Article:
The launch of the rocket carrying the JWST is scheduled for early 2021. The JWST will specialize in the infrared spectrum, and will be incredibly sensitive in this range (sensitive enough, in fact, to detect the heat signature of a bee on the moon).
Size of the James Webb Space Telescope
With a primary mirror diameter of 6.5 meters, compared to Hubble’s 2.4-meter diameter mirror, the JWST has over five times more collecting area than Hubble, giving the JWST much more sensitivity. In addition, while Hubble orbits the earth at approximately 350 miles inside low earth orbit, the JWST will be situated roughly a million miles further away (and orbit the sun). Moreover, the JWST will optimally detect the infrared wavelengths of light, compared to Hubble which is optimized for visible and ultraviolet light. This means that the JWST will be much better suited (and much better situated) to detect and investigate very distant objects, since light emitted from such objects drops off very aggressively into the infrared spectrum.
Having reached the journey’s end, we take the opportunity to reflect upon the three large telescopes discussed here, as well as their significance. However, because each telescope offers renewed anticipation for us to peer deeper into our window on the observable universe (referred to as “look-back time”), we also wish to reflect upon something which bears repeating concerning our place in all of this.
A useful summary showing the relative sizes of the primary mirrors found in existing telescopes and the telescopes of tomorrow. (Notice all the telescopes mentioned here are found in the bottom half of the diagram.)
In a recent blog, we discussed the redshifts of galaxies and quasars per our review of an article appearing in Answers Research Journal called “A Case for Cosmological Redshifts” by astronomer Danny R. Faulkner. In addition, we also included favorable comments about test results subsequently published by Dr. Faulkner that support extragalactic, cosmological redshifts, based on the redshifts of quasars and their corresponding apparent magnitudes, as follows:
One reason an understanding of cosmological redshifts becomes important to further study is that two telescope projects are currently underway: the Giant Magellan Telescope and the James Webb Telescope. The former is a land-based telescope located in Chile, and the latter is a space telescope scheduled to be the replacement for the Hubble Space Telescope (HST). Both of these telescopes will have better imaging capabilities than the HST, and thus reach farther back in look-back time. (“Remark,” para. 13)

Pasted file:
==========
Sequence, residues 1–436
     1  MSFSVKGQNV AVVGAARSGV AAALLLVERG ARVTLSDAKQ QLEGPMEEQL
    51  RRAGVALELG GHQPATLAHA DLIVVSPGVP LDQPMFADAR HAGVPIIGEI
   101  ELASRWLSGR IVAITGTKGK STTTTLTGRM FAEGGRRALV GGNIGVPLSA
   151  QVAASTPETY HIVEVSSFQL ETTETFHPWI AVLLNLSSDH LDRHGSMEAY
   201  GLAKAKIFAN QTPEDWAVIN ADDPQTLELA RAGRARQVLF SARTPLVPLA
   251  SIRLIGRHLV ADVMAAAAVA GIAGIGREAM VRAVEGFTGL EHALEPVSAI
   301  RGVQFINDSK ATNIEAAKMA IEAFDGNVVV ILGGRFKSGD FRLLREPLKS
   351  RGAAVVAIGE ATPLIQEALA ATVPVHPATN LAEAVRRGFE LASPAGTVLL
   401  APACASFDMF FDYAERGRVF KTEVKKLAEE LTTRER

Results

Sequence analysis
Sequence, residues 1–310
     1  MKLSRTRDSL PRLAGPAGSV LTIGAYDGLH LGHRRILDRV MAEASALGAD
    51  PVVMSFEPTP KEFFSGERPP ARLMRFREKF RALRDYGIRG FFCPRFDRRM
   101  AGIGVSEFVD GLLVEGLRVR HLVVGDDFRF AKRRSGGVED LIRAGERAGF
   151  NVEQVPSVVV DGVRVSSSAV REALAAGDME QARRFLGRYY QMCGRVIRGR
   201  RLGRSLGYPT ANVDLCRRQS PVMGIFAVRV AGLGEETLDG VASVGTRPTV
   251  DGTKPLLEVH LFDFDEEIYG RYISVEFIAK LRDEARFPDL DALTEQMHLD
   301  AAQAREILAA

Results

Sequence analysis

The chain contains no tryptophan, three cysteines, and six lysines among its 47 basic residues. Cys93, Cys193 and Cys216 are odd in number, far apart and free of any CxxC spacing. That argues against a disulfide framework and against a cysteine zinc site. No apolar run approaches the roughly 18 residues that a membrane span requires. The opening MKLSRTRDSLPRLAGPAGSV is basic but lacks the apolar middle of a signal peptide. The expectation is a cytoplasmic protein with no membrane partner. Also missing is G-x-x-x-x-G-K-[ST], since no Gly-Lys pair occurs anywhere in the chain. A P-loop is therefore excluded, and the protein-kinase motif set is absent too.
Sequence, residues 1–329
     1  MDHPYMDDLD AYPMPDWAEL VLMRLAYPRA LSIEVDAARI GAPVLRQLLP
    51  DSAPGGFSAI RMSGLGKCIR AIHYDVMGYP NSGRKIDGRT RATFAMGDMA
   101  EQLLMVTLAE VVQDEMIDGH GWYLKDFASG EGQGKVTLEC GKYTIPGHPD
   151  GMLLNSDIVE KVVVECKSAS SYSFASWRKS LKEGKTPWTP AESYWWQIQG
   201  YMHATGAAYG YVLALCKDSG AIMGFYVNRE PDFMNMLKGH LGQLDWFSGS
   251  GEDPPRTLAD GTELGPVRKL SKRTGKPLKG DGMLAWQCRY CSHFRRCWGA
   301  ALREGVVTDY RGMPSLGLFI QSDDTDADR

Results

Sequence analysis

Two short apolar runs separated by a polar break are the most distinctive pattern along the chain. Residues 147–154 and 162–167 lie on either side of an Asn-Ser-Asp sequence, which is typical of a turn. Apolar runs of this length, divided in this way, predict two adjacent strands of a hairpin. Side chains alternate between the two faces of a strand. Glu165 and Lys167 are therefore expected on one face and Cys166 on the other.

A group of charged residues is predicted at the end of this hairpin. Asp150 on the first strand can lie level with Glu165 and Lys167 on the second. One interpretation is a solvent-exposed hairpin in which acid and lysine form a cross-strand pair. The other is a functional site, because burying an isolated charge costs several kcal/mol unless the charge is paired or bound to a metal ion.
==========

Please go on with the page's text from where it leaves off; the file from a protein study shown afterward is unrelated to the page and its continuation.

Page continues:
Much enthusiasm is placed on the JWST carrying on the legacy of Hubble, and it is indeed true that the JWST will continue this legacy. Yet without sensitivity to wavelengths emitted across the visible and ultraviolet portions of electromagnetic spectrum, the JWST will not truly replace Hubble. The true replacement of Hubble will occur once first light is achieved collectively by all three of the telescopes discussed here (the LSST, the GMT, and the JWST). The day this happens will mean we have boldly entered a new age of discovery, an era when look-back time becomes greatly amplified.
Something that Bears Repeating
With these two thoughts in mind, let us return to the early 1990’s to the comments made by Alistair Begg (1994), who not only captured the sense of enthusiasm and excitement surrounding the images taken by the Hubble Space Telescope, but also reminded us of our true place in the age of deep space discovery:
That’s fine. That’s a wonderful telescope. As far as telescopes go, that’s really good. But here’s the deal folks — God has seen all this stuff from every angle that’s possible to see. He’s seen it when He created it; He’s seen it from every conceivable point. And what we ought to be saying is, ‘Isn’t it amazing that God in His providence has allowed us to grow smart enough to be able to design one of these things that allows us to begin to probe into the vastness of our solar system, and begin to scratch the surface of what God in His infinite wisdom has been able to do all along.’ (9:18 – 9:57)
In closing, as we wait for the day in the not-so-distant future when all three observatories are completed and the LSST, GMT, and JWST each become operational, we can rest assured that beliefs such as Alistair Begg’s concerning the bigger picture have neither lost their relevancy nor misplaced their appropriateness in helping keep our focus on this overall picture in perspective. And, rewardingly, it is the outlook offered by this perspective that is the reason why the journey described here ranks among the greatest treks on earth.
Begg, A. (Senior Pastor). (1994, January 23). Nehemiah goes into action [Audio podcast]. Retrieved from https://www.truthforlife.org/resources/sermon/nehemiah-goes-into-action/.
Struik, D.J. (1987). A concise history of mathematics. New York, NY: Dover Publications, Inc.
Wininger, K.L. (2018, May 19). The expanding universe: The redshifts of galaxies and quasars indicate distance [Blog post]. Retrieved from https://studiesoncreation.org/2018/05/19/the-expanding-universe-the-redshifts-of-galaxies-and-quasars-indicate-distance/.